We were scared even before lunch. The state's economy's in freefall, and, as she heads to Washington, D.C. in hopes of becoming the nation's Homeland Security honcho, Governor Janet Napolitano leaves behind a giant budget deficit.
But after attending the annual Legislative Forecast Luncheon hosted by the Arizona Chamber of Commerce and Industry, we've gotta admit: We're terrified!
The state's newly elected legislative leaders -- Senate President Bob Burns (pictured), Speaker of the House Kirk Adams, and Minority Whips Linda Lopez and Chad Campbell -- each took the time to outline their agenda to the assembled crowd of industry mavens and political bigshots. And, suffice to say, that agenda at this point consists of one item: Somehow, get Arizona out of the red.
There were a few small digressions. Democrats Lopez and Campbell both added the caveat that the budget out to be balanced without overly penalizing health-care and education. And Burns and Adams made the admirable point of how important it is to be open and transparent even while balancing the budget. But really, the entire lunch was devoted to what bad shape Arizona's in.
In fact, Adams and Burns both told the audience that they'd be spending next week, the first of the new legislative session, making it clear to their fellow members that THERE IS NO MONEY TO SPEND. Of course, they said it a tad more politically, but the gist is just that.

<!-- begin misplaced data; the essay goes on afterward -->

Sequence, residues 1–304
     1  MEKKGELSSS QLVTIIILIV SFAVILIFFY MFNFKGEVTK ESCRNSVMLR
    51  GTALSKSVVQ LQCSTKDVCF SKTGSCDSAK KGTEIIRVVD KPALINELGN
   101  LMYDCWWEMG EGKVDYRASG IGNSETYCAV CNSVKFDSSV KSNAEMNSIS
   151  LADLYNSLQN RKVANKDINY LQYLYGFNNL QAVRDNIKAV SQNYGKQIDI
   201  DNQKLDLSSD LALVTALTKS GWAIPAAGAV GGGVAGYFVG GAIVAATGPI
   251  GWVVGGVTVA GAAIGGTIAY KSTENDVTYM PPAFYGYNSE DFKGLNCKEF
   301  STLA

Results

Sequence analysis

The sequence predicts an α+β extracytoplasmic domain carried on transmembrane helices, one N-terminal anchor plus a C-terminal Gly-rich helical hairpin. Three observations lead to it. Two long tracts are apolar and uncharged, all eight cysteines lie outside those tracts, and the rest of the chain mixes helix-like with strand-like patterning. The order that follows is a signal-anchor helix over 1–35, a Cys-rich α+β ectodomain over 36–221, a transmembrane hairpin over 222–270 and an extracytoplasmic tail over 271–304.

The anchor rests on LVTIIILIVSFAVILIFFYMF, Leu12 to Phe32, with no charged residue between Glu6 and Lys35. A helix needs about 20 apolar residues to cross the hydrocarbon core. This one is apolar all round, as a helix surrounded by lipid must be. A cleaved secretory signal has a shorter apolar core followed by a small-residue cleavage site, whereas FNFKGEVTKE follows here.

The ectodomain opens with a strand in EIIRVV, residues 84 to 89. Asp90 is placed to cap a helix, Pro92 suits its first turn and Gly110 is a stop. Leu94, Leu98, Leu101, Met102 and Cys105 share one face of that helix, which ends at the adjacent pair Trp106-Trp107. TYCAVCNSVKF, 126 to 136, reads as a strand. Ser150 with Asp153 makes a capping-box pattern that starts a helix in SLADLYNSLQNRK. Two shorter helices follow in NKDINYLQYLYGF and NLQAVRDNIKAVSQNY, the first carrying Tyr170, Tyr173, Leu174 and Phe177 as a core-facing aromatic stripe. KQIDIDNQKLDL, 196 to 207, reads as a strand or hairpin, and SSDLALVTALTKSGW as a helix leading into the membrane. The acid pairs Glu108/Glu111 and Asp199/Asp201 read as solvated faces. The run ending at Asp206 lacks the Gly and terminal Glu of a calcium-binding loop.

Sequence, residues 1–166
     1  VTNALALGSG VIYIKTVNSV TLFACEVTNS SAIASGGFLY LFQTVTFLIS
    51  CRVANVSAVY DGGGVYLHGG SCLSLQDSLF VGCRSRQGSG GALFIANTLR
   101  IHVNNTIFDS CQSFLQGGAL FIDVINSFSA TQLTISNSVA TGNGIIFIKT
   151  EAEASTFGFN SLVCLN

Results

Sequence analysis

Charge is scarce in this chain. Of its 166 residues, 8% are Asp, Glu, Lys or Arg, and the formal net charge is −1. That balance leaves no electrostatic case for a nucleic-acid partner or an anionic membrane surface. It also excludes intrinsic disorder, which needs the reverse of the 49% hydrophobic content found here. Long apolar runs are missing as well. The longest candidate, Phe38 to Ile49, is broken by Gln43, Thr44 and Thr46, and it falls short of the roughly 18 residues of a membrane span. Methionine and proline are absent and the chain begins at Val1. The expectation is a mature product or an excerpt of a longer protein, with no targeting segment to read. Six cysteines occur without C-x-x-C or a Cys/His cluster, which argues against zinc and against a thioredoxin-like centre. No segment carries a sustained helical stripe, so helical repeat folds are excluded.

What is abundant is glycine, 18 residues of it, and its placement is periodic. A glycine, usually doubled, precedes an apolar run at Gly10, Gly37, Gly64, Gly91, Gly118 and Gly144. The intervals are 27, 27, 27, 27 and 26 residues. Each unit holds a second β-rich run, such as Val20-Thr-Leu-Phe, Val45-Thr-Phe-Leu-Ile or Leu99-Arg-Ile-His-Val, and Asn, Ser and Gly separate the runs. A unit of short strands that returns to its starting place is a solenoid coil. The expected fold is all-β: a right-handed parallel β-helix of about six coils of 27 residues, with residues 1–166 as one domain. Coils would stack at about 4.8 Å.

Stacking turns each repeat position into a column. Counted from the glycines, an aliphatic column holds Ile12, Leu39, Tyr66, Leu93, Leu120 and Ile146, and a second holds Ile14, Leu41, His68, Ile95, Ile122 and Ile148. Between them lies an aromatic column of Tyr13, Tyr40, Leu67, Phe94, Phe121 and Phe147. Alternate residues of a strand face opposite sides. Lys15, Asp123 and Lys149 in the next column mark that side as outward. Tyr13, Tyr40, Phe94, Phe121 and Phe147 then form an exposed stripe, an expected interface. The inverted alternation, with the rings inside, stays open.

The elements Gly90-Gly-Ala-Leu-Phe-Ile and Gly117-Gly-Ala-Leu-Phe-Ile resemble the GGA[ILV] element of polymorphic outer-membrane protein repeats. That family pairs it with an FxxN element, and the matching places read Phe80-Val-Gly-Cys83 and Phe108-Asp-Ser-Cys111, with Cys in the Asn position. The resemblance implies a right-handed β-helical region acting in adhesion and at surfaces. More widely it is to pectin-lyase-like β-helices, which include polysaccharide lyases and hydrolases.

"We've decided to put aside the first week for the purpose of education our members and the public of the seriousness of the crisis we face," Burns said. The Senate is calling it a budget session; for the House, it's a "boot camp."
The idea's to make it clear that belt-tightening isn't an option; it's a necessity. "We are going to ask the business community to come to the Legislature and help us make that point," Burns said. "It's important for our members to understand what private businesses have had to go through in this economy, and the different decisions they've had to make to get the budget balanced and to keep it there."
And, Burns vowed, "I will not be assigning any bills to committees until the budget is completed."
The new Senate prez said he'd make exceptions, on a case by case basis, for bills that directly affect the bottom line. But, meantime, no one should expect their pet graffiti issue or charter school plan to make one inch of movement.
The sad thing is, we don't think the new leadership's exxagerating, not one bit. We all used to mock Treasurer Dean Martin as "chicken little" for claiming the state's about to run out of money, but it turns out Martin's dire predictions are pretty close to coming true. As Speaker-Elect Adams noted, Arizona's predicting a 24 percent budget gap -- the biggest in the nation. (See this horrifying little report from the National Conference of State Legislatures.)
"As a percentage of our revenues, this is a bigger budget budget deficit than the state of New York, the state of California," Adams said.
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Here's another scary stat for you, this one from Dick Hannon, chairman of the Chamber. "In job creation alone, Arizona alone has gone from second in the nation to forty-eighth."
Think we're going to make up that deficit any time soon with new revenue? Riight.
So after 90 minutes of this stuff, we can safely tell Adams and Burns that it's okay to skip that whole boot camp thing, at least as far as we're concerned. When it comes to Arizona's economy, in fact, we're scared shitless.